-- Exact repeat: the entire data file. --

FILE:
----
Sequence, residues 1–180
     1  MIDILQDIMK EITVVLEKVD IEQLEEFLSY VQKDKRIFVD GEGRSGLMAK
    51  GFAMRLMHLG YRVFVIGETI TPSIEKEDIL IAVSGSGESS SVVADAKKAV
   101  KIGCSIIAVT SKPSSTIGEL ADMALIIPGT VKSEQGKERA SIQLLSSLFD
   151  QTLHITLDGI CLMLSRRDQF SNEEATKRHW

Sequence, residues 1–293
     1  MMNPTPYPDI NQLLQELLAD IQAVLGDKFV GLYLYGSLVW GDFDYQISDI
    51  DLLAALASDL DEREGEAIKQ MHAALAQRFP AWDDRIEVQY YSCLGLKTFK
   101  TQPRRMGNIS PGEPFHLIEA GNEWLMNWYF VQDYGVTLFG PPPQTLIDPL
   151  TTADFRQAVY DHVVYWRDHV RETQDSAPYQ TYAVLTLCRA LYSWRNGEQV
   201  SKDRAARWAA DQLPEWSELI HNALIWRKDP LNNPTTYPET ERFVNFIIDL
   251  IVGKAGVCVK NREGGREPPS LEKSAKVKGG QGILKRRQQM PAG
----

Sequence, residues 1–180
     1  MIDILQDIMK EITVVLEKVD IEQLEEFLSY VQKDKRIFVD GEGRSGLMAK
    51  GFAMRLMHLG YRVFVIGETI TPSIEKEDIL IAVSGSGESS SVVADAKKAV
   101  KIGCSIIAVT SKPSSTIGEL ADMALIIPGT VKSEQGKERA SIQLLSSLFD
   151  QTLHITLDGI CLMLSRRDQF SNEEATKRHW

Sequence, residues 1–293
     1  MMNPTPYPDI NQLLQELLAD IQAVLGDKFV GLYLYGSLVW GDFDYQISDI
    51  DLLAALASDL DEREGEAIKQ MHAALAQRFP AWDDRIEVQY YSCLGLKTFK
   101  TQPRRMGNIS PGEPFHLIEA GNEWLMNWYF VQDYGVTLFG PPPQTLIDPL
   151  TTADFRQAVY DHVVYWRDHV RETQDSAPYQ TYAVLTLCRA LYSWRNGEQV
   201  SKDRAARWAA DQLPEWSELI HNALIWRKDP LNNPTTYPET ERFVNFIIDL
   251  IVGKAGVCVK NREGGREPPS LEKSAKVKGG QGILKRRQQM PAG